The information letter is sent to the owner of the vehicle recorded as committing an offence. A reply form is enclosed to this communication, which gives the opportunity of identifying the driver of the vehicle, in cases where the owner was not driving at the time of the offence. The information letter should also include details related how to pay fines resulting from committing the offence. This could include the bank details required to perform an international money transfer.

10. What are the costs of this Directive?

The largest part of the costs will be borne by translating the text of the information letter into the various official languages of the EU Member States. It must be pointed out however, that Annex II of the Directive includes a template for the information letter, which has been translated already into all EU languages when the full text of the Directive was published on the website.

Additionally, the system for exchanging information between Member States, which can give rise to additional costs, is not a new development either. By adopting Council Decision 2008/615/JHA – which deals with stepping up cross border cooperation, particularly to combat terrorism and cross-border crime – Member States have committed to put in place many of the IT elements necessary for the transposition of the Cross Border Enforcement Directive.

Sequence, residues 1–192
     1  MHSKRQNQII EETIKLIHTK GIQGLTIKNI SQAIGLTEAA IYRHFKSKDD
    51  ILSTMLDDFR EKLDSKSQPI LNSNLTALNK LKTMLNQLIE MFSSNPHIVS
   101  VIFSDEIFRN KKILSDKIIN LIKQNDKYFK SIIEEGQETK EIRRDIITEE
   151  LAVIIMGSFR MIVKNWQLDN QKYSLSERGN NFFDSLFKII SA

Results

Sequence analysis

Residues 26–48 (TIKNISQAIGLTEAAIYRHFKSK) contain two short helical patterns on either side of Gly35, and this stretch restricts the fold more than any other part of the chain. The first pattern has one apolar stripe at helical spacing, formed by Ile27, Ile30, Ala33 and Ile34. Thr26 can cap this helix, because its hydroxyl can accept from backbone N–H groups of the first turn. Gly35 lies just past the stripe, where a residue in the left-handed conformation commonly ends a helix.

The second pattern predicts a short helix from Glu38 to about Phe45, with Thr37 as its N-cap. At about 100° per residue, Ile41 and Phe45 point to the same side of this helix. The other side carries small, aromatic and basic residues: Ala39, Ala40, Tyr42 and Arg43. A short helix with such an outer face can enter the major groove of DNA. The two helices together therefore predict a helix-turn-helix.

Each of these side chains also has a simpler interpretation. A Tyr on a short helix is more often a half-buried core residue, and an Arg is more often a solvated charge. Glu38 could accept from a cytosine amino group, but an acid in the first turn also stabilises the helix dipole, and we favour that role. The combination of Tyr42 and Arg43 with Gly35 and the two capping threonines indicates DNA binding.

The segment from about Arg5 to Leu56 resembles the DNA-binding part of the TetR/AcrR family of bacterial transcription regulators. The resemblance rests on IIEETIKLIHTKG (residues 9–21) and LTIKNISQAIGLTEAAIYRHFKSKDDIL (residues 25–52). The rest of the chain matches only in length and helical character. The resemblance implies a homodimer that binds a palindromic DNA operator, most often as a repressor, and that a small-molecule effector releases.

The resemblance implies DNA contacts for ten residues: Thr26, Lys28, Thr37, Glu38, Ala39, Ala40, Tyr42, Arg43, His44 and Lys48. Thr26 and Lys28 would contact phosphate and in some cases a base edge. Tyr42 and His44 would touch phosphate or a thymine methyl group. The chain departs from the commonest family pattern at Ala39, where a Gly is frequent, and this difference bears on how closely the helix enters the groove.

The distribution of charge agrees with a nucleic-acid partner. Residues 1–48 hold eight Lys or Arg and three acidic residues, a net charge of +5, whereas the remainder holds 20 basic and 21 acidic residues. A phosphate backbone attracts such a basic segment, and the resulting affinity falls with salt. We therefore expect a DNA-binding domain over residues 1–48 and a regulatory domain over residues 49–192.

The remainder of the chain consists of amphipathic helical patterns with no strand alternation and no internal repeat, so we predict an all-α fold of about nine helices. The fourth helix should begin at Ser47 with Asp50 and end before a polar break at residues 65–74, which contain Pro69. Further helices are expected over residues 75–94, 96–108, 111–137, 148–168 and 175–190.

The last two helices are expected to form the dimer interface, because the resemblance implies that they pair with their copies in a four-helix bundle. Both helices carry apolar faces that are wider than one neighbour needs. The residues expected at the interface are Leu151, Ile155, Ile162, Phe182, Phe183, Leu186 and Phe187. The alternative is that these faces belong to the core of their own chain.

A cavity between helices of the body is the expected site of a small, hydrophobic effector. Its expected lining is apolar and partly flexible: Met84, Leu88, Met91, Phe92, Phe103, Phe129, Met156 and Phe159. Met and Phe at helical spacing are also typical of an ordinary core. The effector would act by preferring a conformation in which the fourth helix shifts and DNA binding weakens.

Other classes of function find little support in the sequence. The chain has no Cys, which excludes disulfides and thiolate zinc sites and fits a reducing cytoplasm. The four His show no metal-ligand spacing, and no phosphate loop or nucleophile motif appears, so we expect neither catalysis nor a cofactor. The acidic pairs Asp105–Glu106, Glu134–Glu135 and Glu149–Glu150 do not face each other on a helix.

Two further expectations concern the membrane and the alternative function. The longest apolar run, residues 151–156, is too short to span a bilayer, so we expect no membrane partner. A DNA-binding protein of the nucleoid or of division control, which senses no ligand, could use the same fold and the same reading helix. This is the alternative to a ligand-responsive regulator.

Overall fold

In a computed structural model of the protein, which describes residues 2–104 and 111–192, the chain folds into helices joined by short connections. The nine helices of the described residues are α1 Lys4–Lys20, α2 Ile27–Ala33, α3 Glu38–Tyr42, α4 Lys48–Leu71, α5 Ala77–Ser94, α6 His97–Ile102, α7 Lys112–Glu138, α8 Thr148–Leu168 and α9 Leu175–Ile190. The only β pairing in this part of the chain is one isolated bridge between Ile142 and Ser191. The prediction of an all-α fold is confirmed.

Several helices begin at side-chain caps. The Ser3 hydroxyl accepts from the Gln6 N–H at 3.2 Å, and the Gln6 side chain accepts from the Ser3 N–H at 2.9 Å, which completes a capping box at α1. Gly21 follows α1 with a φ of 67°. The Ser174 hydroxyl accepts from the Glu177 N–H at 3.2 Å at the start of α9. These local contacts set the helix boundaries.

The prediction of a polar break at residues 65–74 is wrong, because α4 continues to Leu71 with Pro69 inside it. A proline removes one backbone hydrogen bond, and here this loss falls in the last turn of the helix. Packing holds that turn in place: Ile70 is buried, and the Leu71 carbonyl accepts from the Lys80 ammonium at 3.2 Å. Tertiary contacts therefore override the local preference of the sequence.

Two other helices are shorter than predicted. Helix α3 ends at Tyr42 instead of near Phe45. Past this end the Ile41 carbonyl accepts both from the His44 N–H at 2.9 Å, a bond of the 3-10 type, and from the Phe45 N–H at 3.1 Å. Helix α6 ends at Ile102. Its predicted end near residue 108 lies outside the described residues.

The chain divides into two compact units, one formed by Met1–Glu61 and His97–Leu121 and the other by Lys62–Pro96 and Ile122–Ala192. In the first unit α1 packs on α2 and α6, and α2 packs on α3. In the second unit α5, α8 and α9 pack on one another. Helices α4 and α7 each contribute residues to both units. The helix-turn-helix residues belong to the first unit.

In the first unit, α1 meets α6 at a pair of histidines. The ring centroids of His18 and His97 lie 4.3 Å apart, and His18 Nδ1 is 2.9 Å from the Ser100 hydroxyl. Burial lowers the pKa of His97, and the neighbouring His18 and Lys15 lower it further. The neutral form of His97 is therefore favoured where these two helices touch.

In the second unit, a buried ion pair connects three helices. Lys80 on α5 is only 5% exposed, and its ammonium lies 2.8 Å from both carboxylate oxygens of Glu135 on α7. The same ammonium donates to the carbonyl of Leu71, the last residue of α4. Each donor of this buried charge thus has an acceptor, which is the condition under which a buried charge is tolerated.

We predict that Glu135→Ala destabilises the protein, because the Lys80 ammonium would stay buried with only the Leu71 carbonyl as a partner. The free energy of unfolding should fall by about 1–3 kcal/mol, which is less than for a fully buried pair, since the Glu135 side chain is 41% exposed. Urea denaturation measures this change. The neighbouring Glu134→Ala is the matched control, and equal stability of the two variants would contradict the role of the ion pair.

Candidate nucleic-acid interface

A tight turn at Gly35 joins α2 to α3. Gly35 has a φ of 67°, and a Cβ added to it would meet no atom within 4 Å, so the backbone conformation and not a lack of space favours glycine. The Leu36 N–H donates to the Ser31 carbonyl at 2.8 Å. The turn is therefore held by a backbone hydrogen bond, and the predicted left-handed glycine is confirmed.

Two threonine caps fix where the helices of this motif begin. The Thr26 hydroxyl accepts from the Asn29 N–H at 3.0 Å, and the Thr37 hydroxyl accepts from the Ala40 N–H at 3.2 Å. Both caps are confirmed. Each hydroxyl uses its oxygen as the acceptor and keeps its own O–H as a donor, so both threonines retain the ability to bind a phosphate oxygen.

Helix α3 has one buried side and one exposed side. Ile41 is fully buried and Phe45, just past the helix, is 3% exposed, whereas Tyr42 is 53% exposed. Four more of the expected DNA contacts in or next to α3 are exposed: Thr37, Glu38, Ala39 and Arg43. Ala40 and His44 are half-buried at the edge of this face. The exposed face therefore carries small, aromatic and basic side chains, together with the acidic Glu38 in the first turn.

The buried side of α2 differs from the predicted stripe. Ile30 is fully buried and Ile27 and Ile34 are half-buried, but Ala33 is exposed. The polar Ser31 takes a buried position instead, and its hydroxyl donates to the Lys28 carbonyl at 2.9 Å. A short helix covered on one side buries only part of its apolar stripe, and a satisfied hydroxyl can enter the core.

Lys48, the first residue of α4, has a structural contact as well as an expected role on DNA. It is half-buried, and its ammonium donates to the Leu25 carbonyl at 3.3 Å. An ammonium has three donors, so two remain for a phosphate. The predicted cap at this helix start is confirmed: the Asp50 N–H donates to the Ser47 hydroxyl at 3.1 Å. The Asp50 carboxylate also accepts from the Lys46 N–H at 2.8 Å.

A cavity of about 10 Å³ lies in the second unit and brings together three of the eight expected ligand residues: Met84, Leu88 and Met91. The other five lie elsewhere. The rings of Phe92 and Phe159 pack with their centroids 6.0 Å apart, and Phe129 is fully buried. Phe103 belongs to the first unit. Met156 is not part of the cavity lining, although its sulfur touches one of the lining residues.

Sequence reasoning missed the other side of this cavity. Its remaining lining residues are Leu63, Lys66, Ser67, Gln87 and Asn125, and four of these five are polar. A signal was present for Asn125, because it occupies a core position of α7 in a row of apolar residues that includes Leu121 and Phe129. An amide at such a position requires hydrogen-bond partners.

Furthermore, the transposition of the Directive should not be seen as a cost, but rather as an investment leading to benefits that come from reducing the unacceptably high number of road collisions, especially those leading to injury and death. This Directive would make a significant contribution to the collective EU effort of halving road deaths over the 2010-2020 period. According to the latest ETSC estimates, the societal costs avoided by preventing just one road death stand at approximately 1.91 million EUR.

11. When does this Directive become effective?

Member States had until the 7th of November 2013 to adopt national legislation which includes the provisions of the Cross Border Enforcement Directive. The majority of countries have already transposed the rules into national law. Most of them are also well on the way to implementing the structures needed for the Directive to come into force.

The new proposal with the revised legal basis, published in July 2014, will need to be agreed by EU member states and the European Parliament before the deadline set by the European Court of Justice of May 2015.